Mr Fillippo Amato, an European Union (EU) official, says the Economic Partnership Agreement (EPA) between the EU and ECOWAS will help Nigeria to achieve its diversification drive.
Amato, Counsellor, Head of Trade and Economics Section in EU, told newsmen in Abuja on Friday that the agreement, yet to be signed by Nigeria, would boost its non-oil exports.
“First, all duties on exports from Nigeria to the EU will be brought to zero from the first day of the entry into force of the Agreement.
“Signing the agreement will dramatically reduce the cost of Nigeria’s products exported to the EU thereby making them more competitive.
“Second, duties on imports from the EU of machinery, capital goods, intermediate good (inputs) and raw materials will gradually be removed over a period of 20 years,” he said.
He said machinery, capital goods, immediate goods and raw materials are inputs needed by the Nigerian industries to process and produce their raw materials to finished products.
According to him, reducing duties on such imports will reduce a component of the production costs of the local industries.
Amato added that duties on the import of agricultural products and on most consumer goods which the local industries were able to produce would not be removed under the EPA.
He listed such categories of goods included the textile sector, the automotive sector and the construction sector.
“For these products, Nigeria will still be able to apply duties up to 35 per cent (the highest band of the ECOWAS Common External Tariffs).
“Also, under the EPA, the EU is committed to abolish any form of export subsidy in favour of its agricultural products,” he said.
According to him, the EPA contains a number of safeguard measures (including an infant industry clause) that West Africa can trigger to protect the local industries.
He said the safeguard measures in the EPA would allow the agricultural sector and the local manufacturing sector to be protected from potential competition of goods imported from Europe.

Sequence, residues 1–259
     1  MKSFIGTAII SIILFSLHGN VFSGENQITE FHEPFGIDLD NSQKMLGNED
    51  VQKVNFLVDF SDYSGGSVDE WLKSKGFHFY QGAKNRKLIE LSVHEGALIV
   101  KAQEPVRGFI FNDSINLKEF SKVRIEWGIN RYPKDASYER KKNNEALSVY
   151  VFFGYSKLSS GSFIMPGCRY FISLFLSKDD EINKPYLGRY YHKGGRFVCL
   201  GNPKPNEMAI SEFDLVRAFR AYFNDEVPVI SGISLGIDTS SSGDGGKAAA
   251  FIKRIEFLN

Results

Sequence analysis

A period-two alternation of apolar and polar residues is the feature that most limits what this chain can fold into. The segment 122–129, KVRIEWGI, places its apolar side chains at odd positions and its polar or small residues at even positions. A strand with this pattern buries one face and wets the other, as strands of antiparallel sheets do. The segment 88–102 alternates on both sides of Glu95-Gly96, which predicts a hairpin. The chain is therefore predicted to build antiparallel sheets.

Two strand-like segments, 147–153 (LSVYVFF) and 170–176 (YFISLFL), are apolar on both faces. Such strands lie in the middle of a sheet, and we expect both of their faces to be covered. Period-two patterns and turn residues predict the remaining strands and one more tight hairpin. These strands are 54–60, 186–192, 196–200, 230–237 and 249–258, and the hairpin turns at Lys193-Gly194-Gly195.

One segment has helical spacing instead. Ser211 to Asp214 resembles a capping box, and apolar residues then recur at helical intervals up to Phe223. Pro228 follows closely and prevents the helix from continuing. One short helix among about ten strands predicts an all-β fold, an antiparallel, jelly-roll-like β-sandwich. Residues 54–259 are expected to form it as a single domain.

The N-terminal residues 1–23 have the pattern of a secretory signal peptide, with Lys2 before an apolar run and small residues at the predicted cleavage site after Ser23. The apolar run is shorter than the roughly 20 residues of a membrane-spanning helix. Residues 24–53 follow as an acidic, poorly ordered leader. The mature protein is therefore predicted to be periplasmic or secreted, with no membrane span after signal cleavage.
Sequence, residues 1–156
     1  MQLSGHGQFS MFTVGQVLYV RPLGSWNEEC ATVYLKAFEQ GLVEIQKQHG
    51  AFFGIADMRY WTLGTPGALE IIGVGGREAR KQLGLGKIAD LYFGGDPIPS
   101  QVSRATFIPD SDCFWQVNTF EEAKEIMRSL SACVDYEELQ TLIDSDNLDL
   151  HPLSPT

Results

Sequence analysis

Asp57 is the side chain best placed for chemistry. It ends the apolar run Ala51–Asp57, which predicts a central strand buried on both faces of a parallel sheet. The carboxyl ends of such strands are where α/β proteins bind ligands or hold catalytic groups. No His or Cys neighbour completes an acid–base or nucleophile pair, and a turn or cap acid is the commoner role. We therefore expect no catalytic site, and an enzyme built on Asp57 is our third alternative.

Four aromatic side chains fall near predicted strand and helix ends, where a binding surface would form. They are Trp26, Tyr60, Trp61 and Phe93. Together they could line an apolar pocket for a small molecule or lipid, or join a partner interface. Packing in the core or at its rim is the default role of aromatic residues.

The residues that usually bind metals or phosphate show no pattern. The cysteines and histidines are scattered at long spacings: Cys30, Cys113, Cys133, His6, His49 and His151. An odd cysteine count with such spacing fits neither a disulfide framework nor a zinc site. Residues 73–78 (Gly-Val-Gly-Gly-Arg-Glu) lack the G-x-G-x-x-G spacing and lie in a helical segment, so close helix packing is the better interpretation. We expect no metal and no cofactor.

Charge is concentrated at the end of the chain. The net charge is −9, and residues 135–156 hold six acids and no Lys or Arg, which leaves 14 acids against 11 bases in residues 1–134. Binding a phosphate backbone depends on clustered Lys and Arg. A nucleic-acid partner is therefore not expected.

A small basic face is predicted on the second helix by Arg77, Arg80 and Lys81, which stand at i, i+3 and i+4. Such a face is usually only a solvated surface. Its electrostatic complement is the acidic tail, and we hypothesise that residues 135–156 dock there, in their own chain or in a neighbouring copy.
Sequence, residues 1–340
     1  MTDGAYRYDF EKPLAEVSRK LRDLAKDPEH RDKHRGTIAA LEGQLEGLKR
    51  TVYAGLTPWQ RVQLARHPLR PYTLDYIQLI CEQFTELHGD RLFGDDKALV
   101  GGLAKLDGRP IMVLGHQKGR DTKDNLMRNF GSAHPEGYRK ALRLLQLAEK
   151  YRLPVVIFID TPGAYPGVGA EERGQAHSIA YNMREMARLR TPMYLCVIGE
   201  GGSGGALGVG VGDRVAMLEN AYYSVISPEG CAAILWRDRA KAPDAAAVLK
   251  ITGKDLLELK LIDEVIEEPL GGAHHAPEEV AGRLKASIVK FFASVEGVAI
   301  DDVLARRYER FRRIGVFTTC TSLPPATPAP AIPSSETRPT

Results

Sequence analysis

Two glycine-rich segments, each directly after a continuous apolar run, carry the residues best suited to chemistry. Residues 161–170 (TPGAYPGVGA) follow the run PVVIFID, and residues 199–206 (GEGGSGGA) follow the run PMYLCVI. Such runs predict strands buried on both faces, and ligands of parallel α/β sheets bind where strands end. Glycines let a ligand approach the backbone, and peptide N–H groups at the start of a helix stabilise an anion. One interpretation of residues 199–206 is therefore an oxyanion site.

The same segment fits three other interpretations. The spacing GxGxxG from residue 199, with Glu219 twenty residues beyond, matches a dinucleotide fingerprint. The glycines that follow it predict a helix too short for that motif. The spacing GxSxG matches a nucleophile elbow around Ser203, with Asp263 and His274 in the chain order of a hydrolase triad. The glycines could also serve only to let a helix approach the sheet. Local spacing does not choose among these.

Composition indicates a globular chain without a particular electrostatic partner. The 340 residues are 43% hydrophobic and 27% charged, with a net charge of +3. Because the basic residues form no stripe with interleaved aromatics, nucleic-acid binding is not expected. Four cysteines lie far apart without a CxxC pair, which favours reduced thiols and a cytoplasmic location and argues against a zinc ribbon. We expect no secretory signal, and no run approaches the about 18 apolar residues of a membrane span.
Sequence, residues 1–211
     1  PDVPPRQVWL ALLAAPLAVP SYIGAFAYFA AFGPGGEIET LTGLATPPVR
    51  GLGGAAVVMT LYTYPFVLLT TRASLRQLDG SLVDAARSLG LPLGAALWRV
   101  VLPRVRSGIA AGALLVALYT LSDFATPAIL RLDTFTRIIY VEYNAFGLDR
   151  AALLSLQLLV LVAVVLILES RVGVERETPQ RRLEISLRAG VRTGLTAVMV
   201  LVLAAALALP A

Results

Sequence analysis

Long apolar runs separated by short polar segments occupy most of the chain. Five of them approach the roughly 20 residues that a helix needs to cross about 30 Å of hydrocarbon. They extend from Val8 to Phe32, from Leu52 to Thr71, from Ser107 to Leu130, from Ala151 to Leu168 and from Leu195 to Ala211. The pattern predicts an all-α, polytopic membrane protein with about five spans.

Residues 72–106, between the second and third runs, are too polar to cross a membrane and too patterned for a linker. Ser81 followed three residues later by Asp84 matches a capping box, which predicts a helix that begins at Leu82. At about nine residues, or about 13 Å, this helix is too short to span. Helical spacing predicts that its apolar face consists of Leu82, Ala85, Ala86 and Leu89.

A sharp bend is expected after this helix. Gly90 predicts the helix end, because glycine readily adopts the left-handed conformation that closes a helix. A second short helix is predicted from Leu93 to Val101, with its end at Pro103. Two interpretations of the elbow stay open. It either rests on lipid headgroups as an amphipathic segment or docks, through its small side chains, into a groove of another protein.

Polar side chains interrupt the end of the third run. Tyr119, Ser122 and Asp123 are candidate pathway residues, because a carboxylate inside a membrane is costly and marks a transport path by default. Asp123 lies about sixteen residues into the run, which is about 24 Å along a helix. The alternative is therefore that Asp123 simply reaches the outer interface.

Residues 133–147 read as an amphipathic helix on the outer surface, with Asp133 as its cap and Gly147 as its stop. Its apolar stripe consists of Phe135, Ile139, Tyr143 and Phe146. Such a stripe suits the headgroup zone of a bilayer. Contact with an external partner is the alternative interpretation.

Amato emphasised that the EPA would improve and make more flexible the so-called rules of origin to enable products qualify as Nigerian products when exported to the EU.
He said that products from Nigeria would enjoy duty-free access to EU market.
“This will attract the interest of potential investors who will consider West Africa as a production hub to export products duty-free to Europe.’’
To promote West Africa industrialisation and sustainable economic and social development under EPA, Amato said EU had committed 6.6 billion Euros to fund the first five years of the EPA Development Programme.
This, he said, was aimed at improving basic infrastructure in West Africa (energy, transport, etc.) and the quality of West African goods, to make sure they comply with international standards.
“Similar amounts will be committed by the EU and its member States for each five years cycle of the EPA Development programme at least for the next 20 years.
“In short, the EPA aims at reducing the costs (of imports and exports) for the local industry and to protect sensitive sectors from competition.
It also aimed at improving the quality of West African infrastructure and products through targeted development cooperation projects.
“The EU is the main export destination of West Africa for non-oil products and the EPA aims at increasing the quantity and quality of these exports,’’ he said.